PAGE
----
Time rules life, and body clocks direct and define much of yours. Twenty-four hour (circadian) clocks continue to be implicated in most aspects of human health, joy, and performance. A recent British study out of the UK Biobank of 91000 people recently refocused attention on how disruptions in body clocks play out in depression and mood, loneliness, happiness, overall health and physical speed.
Time and Mood
The British study garnered much media interest partly because through using the kinds of acceloremeters found in people’s cell phones, it demonstrated how most people can pick up this type of data for themselves. What they looked was dysrhythmicity: how the normal amplitude of human existence, working, talking, working in the day and sleeping at night, gets flattened towards no difference between night and day. Even relatively small decreases in amplitude – day and night life commingling – was associated with major depression, bipolar disorder, mood instability, as well as loneliness, lower happiness and health satisfaction scores – plus slower reaction times (athletes, please note.) As in other Biobank studies, the authors were able to control for variables like socioeconomic status, sex, alcohol, body mass index and childhood trauma.
Disrupted time and disrupted mood are well known bedfellows. Depression causes disrupted body clocks, and disrupted body clocks strongly influence depression. In the 1990s Tom Wehr and colleagues could “flip” people with bipolar illness between depression and mania simply by changing their bed times. Much of the public does not know that light therapy in clinical trials bests SSRIs like prozac in treating “regular” depression. In those with seasonal depression, the effectiveness of light as a treatment is directly related to resetting internal clocks.
In many ways the Biobank study measured elements that are proxies for insomnia, being up at night and sleepy during the day. Insomnia occurs with almost any psychiatric and medical illnesses, and generally makes all of them worse. And one of its main treatments is resetting your clock.
When internal time is disrupted, much else goes wrong.
Body Clocks and Loneliness
Does loneliness change body clocks? The Biobank certainly makes the association, and loneliness is now getting recognized as a far more important health problem.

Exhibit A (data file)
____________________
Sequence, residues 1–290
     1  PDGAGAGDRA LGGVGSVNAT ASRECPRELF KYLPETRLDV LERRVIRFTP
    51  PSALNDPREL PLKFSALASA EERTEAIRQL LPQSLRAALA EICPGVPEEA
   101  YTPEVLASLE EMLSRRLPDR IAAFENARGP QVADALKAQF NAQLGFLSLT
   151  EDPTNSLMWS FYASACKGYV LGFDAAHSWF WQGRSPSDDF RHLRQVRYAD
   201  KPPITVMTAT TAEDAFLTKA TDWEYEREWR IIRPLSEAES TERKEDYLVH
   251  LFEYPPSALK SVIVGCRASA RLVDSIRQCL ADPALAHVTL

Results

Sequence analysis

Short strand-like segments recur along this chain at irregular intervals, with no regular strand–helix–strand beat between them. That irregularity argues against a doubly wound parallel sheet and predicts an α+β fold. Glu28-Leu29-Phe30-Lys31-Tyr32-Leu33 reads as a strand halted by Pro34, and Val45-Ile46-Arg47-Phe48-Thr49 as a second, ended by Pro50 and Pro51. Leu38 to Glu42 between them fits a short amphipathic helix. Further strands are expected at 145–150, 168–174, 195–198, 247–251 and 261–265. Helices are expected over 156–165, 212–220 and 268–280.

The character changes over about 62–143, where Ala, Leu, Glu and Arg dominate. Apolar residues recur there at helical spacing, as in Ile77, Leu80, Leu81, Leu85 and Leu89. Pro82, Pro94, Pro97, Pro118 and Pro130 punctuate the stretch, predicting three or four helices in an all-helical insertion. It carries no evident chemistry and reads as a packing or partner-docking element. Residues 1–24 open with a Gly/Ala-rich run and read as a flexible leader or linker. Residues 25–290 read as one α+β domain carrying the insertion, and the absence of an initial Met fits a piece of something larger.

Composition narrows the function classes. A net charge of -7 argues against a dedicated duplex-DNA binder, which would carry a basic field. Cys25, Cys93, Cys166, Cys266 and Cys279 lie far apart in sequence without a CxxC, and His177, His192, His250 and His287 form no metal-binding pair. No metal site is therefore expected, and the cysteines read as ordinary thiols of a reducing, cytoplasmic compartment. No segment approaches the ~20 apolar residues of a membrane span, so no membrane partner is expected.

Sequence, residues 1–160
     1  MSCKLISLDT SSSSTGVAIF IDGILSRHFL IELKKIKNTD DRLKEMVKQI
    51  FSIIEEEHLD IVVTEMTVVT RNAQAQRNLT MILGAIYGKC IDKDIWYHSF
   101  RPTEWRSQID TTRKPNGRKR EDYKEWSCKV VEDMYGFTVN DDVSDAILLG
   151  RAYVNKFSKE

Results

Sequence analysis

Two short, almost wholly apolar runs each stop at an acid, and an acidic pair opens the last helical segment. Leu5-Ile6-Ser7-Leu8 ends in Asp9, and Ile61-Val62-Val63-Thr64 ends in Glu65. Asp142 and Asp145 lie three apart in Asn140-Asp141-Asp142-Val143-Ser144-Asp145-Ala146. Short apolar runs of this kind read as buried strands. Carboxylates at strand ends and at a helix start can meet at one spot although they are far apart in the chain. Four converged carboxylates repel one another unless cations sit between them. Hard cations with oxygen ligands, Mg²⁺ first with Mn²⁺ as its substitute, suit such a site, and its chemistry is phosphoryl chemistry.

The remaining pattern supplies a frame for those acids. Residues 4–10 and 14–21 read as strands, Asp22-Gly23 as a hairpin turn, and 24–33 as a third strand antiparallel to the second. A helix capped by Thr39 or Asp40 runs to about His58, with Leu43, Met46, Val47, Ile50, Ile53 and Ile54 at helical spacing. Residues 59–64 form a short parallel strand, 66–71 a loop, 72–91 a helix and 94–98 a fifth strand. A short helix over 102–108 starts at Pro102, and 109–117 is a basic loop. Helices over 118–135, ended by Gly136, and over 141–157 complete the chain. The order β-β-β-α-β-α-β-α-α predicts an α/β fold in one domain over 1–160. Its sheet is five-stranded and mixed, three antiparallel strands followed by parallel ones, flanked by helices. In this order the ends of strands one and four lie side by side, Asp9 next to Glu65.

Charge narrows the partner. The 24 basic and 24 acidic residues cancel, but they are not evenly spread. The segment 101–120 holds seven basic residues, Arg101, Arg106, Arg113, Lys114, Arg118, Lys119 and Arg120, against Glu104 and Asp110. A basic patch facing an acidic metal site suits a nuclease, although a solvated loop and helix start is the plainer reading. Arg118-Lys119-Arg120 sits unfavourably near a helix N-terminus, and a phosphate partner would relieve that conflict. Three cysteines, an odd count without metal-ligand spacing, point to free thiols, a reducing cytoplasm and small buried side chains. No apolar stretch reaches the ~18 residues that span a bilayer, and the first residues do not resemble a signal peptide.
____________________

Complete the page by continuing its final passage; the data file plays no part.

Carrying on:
The Ipsos/Cigna survey of 20,000 Americans recently found about half the adult population answered they sometimes felt lonely and “left out.” A full 43% thought their relationships not meaningful, 27% that they felt rarely understood. The survey numbers were worst in the group between the ages of 18 and 22. Many recent studies have argued loneliness by and of itself strongly impacts survival, with one famous/infamous study of 2010 declaring severe loneliness had the same effect as smoking 15 cigarettes a day (The Week 5.18.18)
How is loneliness directly related to body clocks? The strongest effect on internal human clocks comes from light. However, social interaction – meals, waking with others, seeing friends – also have strong effects setting your clocks. Having friends has a lot of healthy effects, which can include resetting inner time.
Cause Or Effect?
Headlines regarding the Biobank study declared disrupted clocks “cause” mood swings, depression, and decreased self-reported happiness. Certainly there is a large literature that fouling up 24 hour clocks is associated with mood changes, greater weight and diabetes, GI and heart disturbances. The truth is that disrupted clocks exacerbate most health problems, and that health problems rejigger your body clocks. The end result is a very unvirtuous cycle where one problem exacerbates another.
Many a pain patient can’t sleep at night. Many an asthmatic wakes up at three in the morning with their worst air hunger. Disrupted sleep and disrupted inner clocks do far more than make people sleepy, tired, cranky and irritable. They also set you up for more health problems of many different stripes.
Body Clock Therapy
What to do? The quarter of the adult population doing shift work knows very well how body clocks define their lives and their health. Now it’s again “time” for the rest of us to acknowledge the significance of body clocks in our lives.
The basic rules of thumb fit human design and our innate biological intelligence. We’re meant to sleep at night and be awake in the day. We do better with lots of light, especially in the morning. We perform and live better when we’re physically active in the day, not during the times we’re meant to sleep. We perform far better when not awakened by cellphones.
Clinicians have known this a long time. Much of the benefit of hospitalization may lie in the “routine,” the beginning and ending of the day at set times, meals at set times, activities at set times. Body clocks are reset many different ways.
So be kind to yours. They time your life, and set the timing for everything you do. The simple act of having set wake and bed times can improve your physical and mental health, and your performance.
With regular body clocks you’ll probably feel and look better, and may even lose weight. Not bad for following simple rules of human design.